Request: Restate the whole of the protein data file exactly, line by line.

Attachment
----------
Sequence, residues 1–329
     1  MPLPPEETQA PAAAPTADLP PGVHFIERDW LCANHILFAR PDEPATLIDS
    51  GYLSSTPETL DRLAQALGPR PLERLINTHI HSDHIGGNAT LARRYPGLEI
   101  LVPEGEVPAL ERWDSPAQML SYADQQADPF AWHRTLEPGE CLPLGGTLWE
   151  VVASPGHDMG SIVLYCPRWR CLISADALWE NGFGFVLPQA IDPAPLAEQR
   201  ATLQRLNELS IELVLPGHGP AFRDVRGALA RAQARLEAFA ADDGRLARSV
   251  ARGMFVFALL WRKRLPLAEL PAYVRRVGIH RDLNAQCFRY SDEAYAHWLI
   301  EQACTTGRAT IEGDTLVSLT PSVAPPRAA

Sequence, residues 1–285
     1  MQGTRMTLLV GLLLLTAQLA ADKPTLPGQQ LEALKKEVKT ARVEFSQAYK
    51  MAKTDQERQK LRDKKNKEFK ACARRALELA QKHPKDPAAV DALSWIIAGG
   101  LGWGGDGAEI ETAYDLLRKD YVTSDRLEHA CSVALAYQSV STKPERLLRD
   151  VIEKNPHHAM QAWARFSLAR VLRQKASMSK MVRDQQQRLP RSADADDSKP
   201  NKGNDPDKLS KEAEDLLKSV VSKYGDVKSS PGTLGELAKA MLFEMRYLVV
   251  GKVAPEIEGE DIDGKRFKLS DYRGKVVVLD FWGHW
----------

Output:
Sequence, residues 1–329
     1  MPLPPEETQA PAAAPTADLP PGVHFIERDW LCANHILFAR PDEPATLIDS
    51  GYLSSTPETL DRLAQALGPR PLERLINTHI HSDHIGGNAT LARRYPGLEI
   101  LVPEGEVPAL ERWDSPAQML SYADQQADPF AWHRTLEPGE CLPLGGTLWE
   151  VVASPGHDMG SIVLYCPRWR CLISADALWE NGFGFVLPQA IDPAPLAEQR
   201  ATLQRLNELS IELVLPGHGP AFRDVRGALA RAQARLEAFA ADDGRLARSV
   251  ARGMFVFALL WRKRLPLAEL PAYVRRVGIH RDLNAQCFRY SDEAYAHWLI
   301  EQACTTGRAT IEGDTLVSLT PSVAPPRAA

Sequence, residues 1–285
     1  MQGTRMTLLV GLLLLTAQLA ADKPTLPGQQ LEALKKEVKT ARVEFSQAYK
    51  MAKTDQERQK LRDKKNKEFK ACARRALELA QKHPKDPAAV DALSWIIAGG
   101  LGWGGDGAEI ETAYDLLRKD YVTSDRLEHA CSVALAYQSV STKPERLLRD
   151  VIEKNPHHAM QAWARFSLAR VLRQKASMSK MVRDQQQRLP RSADADDSKP
   201  NKGNDPDKLS KEAEDLLKSV VSKYGDVKSS PGTLGELAKA MLFEMRYLVV
   251  GKVAPEIEGE DIDGKRFKLS DYRGKVVVLD FWGHW